There were two million people in and around Chicago’s famous Grant Park (the site of the infamous 1968 anti-war protests) at midnight on November 5 to hear Barack Obama’s victory speech. People wept openly and danced in jubilation.
These scenes were repeated across the US and the world, including Indonesia, Palestine, Iraq and across Europe. It was a clear rejection of eight years of the Bush administration with its war-mongering, pro-corporate agenda.
The election night celebrations came after months of hard work. Obama’s campaign mobilised tens of thousands of people in community and workplace networks, campaigning around his central theme of “change”.
The economic crisis ensured Obama’s victory, with the Bush administration’s “response”— bailing out the rich—igniting anger across America.
The people who celebrated Obama’s victory on the streets are the people who are suffering the effects of the crisis—the working class. They expect Obama to take action to ameliorate its effects.
There have been one million home foreclosures and the number is fast rising.
Unemployment is increasing, with big employers—most notably Ford and General Motors—in serious trouble.
Unions that helped mobilise many of Obama’s volunteers expect Obama to wind back years of anti-union attacks—starting with the Employee Free Choice Act, which would allow workers to join a union if a majority in their workplace want to.
Despite the war on terror taking a back seat to the economic crisis by the end of the campaign, the majority of people want Obama to pull troops out of both Iraq and Afghanistan.
What will Obama deliver?
Obama is sandwiched between these enormous (and thoroughly justified) expectations and the interests of the forces that he is allied with.
The Democrats are fundamentally different to the ALP or the Labour Party in Britain. Only 14 per cent of Obama’s funding came from trade unions and the unions have little organisational influence in the party.
In contrast, over half of the Obama’s funds came from big business. Overall 67 per cent of Democratic campaign funds come from corporations.
This has a very real affect on the policies and interests of Obama and the Democrats.
Rhetorically, Obama has separated himself from the Bush administration’s plans for the economy and has announced plans to create 2.5 million new jobs. But he voted for the US$700 billion dollar plan to bail out the banks.
Obama has also reiterated his position on the war since his victory—he will move troops from Iraq into Afghanistan, whilst leaving significant numbers of troops on bases in Iraq.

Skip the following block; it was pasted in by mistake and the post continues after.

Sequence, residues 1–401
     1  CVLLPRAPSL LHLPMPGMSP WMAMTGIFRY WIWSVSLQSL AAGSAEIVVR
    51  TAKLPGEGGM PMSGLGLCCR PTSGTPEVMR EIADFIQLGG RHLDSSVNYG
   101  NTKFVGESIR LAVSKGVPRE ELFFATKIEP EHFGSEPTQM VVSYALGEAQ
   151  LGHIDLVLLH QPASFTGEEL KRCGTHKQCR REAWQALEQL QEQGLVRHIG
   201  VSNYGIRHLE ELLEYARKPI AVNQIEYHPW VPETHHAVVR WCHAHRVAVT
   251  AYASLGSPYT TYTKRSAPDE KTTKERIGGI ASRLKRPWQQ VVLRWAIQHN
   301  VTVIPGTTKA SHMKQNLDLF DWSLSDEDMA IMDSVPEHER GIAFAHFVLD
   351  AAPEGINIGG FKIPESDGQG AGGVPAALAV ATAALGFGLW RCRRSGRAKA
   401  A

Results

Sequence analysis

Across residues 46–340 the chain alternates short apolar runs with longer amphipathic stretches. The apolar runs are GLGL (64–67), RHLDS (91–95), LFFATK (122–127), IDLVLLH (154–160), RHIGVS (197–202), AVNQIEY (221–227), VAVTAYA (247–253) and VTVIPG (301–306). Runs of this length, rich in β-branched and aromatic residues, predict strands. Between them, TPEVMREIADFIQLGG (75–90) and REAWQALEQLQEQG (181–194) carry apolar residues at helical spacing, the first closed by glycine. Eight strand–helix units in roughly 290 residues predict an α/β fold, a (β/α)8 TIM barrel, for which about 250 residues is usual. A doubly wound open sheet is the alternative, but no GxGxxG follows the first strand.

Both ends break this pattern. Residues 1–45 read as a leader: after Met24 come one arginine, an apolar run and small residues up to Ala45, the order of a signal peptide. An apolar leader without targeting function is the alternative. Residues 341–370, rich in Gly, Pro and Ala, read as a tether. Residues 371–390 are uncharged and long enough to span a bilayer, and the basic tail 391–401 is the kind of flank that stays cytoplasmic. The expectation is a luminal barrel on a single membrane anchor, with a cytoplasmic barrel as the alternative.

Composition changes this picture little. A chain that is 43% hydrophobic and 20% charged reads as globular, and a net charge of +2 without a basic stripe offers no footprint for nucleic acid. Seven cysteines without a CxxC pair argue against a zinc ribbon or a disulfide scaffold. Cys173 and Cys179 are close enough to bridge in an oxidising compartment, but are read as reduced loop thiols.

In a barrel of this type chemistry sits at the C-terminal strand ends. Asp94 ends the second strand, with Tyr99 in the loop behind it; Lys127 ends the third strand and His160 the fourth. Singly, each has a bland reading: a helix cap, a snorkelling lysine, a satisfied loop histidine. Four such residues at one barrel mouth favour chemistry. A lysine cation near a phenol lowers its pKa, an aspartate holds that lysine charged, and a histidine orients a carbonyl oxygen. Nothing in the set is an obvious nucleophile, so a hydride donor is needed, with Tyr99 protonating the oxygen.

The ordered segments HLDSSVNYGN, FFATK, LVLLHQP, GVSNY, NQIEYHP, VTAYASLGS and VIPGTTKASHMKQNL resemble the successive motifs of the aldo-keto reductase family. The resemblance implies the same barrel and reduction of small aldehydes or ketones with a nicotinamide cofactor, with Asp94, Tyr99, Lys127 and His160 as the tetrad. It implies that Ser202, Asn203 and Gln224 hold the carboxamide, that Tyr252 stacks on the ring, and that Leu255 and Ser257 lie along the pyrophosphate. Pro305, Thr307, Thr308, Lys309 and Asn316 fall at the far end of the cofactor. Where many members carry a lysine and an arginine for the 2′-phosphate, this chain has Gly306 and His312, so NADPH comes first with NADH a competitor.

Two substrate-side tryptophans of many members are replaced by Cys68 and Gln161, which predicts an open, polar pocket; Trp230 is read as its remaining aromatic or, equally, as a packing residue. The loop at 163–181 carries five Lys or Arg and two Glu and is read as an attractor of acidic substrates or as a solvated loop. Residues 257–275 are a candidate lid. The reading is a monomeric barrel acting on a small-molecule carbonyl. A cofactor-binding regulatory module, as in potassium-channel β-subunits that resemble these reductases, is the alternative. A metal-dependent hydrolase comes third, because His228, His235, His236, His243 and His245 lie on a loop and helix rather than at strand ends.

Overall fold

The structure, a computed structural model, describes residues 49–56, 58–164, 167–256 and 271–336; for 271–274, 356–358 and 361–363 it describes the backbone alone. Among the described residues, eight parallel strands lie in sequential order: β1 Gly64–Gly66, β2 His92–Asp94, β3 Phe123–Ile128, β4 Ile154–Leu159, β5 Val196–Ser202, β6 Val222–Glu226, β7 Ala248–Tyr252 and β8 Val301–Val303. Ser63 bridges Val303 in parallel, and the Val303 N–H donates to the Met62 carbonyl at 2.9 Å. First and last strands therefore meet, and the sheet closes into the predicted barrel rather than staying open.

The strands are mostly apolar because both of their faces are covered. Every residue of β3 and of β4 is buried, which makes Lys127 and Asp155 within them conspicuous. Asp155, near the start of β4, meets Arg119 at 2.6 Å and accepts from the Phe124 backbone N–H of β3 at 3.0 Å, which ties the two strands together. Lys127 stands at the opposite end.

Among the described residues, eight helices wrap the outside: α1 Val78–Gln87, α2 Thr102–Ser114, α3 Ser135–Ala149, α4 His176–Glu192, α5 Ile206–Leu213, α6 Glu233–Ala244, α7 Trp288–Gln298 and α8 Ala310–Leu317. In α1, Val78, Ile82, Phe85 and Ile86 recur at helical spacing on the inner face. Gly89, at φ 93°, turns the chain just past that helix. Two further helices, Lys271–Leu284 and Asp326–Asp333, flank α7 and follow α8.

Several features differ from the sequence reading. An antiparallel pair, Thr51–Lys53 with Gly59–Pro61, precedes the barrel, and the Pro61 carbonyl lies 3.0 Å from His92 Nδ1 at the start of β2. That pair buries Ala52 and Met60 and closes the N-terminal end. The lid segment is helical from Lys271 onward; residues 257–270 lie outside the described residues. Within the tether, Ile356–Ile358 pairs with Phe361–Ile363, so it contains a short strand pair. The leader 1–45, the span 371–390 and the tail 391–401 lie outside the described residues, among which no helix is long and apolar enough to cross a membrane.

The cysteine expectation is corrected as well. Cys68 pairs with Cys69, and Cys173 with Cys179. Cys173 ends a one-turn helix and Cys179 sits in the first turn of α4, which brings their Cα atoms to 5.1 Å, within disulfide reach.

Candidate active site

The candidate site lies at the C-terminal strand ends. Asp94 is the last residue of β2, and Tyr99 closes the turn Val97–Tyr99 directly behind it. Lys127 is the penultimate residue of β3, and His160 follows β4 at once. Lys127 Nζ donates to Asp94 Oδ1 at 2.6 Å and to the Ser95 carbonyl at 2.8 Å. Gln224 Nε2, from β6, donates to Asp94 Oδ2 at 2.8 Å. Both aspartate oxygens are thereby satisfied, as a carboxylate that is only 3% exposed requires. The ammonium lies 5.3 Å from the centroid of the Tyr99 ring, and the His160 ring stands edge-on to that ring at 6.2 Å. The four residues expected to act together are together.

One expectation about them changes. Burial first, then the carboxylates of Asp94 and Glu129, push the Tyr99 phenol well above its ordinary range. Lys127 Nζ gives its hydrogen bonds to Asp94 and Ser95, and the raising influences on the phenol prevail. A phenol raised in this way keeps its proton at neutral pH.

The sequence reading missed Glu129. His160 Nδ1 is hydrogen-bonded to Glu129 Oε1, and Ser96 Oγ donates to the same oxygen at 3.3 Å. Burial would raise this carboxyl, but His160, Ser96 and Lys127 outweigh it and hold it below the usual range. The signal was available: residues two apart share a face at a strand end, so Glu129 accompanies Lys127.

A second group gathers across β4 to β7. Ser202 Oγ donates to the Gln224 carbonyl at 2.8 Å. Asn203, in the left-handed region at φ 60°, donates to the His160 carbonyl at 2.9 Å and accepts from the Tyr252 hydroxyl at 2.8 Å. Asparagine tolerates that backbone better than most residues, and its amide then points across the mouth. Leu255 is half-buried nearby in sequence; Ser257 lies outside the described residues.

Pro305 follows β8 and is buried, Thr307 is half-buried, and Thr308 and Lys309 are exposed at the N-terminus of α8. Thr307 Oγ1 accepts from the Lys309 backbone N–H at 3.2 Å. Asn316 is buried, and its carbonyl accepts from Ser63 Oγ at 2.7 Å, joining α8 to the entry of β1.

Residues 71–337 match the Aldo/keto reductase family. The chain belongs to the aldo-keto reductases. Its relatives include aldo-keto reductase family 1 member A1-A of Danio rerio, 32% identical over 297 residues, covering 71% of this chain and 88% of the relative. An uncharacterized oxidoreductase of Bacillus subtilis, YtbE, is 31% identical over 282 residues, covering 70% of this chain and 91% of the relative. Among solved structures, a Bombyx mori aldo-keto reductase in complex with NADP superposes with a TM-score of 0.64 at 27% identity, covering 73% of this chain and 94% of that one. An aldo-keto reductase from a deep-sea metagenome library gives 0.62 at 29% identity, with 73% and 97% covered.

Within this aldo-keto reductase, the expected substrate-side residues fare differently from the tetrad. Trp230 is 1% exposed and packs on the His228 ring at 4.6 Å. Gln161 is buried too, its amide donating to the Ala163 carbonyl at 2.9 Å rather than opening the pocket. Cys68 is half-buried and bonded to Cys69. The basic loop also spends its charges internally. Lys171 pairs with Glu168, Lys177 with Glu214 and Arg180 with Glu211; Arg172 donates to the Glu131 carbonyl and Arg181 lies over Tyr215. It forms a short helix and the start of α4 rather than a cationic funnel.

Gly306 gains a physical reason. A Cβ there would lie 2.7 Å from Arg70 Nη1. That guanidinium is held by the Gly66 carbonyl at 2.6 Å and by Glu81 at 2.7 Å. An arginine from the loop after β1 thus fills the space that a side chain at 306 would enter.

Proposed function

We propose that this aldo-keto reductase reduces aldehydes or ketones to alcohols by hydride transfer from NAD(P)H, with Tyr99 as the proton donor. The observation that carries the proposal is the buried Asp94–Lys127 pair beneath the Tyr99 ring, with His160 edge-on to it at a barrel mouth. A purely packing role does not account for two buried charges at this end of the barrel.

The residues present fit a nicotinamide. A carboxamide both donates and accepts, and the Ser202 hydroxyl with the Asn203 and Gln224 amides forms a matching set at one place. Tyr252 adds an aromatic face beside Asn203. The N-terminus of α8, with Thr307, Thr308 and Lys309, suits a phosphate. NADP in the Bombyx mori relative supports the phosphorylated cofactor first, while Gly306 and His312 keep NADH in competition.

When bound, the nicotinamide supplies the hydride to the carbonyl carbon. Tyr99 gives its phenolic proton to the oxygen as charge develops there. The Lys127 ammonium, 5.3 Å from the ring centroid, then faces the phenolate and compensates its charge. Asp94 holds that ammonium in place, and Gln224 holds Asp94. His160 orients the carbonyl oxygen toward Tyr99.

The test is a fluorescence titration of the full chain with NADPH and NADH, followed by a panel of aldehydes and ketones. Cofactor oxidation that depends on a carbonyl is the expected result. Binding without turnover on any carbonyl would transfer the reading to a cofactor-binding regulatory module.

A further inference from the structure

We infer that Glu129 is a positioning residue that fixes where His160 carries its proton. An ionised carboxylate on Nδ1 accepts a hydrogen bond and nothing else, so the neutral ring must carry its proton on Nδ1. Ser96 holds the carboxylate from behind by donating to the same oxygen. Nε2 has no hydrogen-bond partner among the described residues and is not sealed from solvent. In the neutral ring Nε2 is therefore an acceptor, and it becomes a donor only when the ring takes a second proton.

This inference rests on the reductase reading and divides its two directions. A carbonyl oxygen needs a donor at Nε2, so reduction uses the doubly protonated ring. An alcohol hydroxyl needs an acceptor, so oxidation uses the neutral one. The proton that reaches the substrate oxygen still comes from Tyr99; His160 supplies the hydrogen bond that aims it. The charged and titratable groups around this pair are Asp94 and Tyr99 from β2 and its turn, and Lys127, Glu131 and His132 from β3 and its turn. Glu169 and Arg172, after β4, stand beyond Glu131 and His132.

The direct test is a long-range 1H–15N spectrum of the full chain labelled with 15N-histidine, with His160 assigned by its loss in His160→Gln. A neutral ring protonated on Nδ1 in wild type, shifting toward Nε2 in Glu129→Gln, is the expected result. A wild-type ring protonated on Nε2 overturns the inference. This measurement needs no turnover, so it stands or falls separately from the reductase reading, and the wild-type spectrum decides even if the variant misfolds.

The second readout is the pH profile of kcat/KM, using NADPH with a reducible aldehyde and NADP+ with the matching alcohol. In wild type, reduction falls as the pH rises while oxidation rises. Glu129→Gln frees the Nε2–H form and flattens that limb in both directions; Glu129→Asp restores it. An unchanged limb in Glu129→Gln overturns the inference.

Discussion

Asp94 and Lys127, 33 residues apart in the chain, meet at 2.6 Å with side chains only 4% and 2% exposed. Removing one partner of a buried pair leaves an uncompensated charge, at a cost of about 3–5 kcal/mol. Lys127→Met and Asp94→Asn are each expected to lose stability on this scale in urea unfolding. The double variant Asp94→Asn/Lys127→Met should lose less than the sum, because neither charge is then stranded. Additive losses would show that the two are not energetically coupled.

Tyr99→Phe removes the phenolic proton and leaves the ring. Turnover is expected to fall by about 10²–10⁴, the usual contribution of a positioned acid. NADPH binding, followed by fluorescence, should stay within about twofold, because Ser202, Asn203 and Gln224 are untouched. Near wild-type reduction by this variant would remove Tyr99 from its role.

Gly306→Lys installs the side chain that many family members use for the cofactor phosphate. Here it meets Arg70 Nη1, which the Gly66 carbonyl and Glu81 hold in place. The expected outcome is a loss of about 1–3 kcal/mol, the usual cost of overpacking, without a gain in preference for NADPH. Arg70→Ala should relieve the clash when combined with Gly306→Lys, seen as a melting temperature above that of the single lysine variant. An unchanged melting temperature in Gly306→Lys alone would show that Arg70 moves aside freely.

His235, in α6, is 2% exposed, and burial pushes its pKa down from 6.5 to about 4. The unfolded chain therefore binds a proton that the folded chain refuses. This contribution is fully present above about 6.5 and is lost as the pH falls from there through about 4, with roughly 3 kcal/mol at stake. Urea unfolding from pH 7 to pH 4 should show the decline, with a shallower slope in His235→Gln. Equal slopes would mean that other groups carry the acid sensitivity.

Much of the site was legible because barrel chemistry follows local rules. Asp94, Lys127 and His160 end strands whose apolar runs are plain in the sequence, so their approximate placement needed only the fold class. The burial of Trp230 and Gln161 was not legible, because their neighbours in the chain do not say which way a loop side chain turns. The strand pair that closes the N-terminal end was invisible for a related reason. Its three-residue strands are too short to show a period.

Far from signalling “change”, virtually every position announced for the new Obama administration have been granted to personalities recycled from the conservative Clinton White House.
For example, Obama’s newly appointed chief of staff, Rahm Emanuel, was a top Clinton advisor and is one of Washington’s staunchest supporters of Israeli agression.
Bloomberg also reported “he was a director at Freddie Mac in 2000 and 2001 while it was committing accounting fraud.”
There is speculation that Bush’s Defense Secretary Robert Gates will retain his position for the opening period of Obama’s rule.
He is one of several Republicans (even John McCain), in the mix for top posts in the new administration.
Madeline Albright was chosen to represent Obama at the recent G20 summit.
In 1996, as Clinton’s Secretary of State, Albright infamously said “we think the price is worth it”, refering to the deaths of 500,000 Iraqi children at the hand of a blockade imposed by her government.
None one of the 23 senators or 133 House members who voted against the Iraq war have received nomination.
Obama’s victory, and the huge outpouring of emotion that came with it, illustrate the powerful forces driving for change in the US.
The challenge for the left in the US is to connect with the hopes that people have and to channel this into the social movements that are going to be necessary to put pressure on the Obama administration for real change.
The vitality of Obama’s movement for change must be captured and channelled into an organised, working class response to the crises that beset the US to build opposition to the ruling class forces represented by both the Republicans and Democrats.
By Ernest Price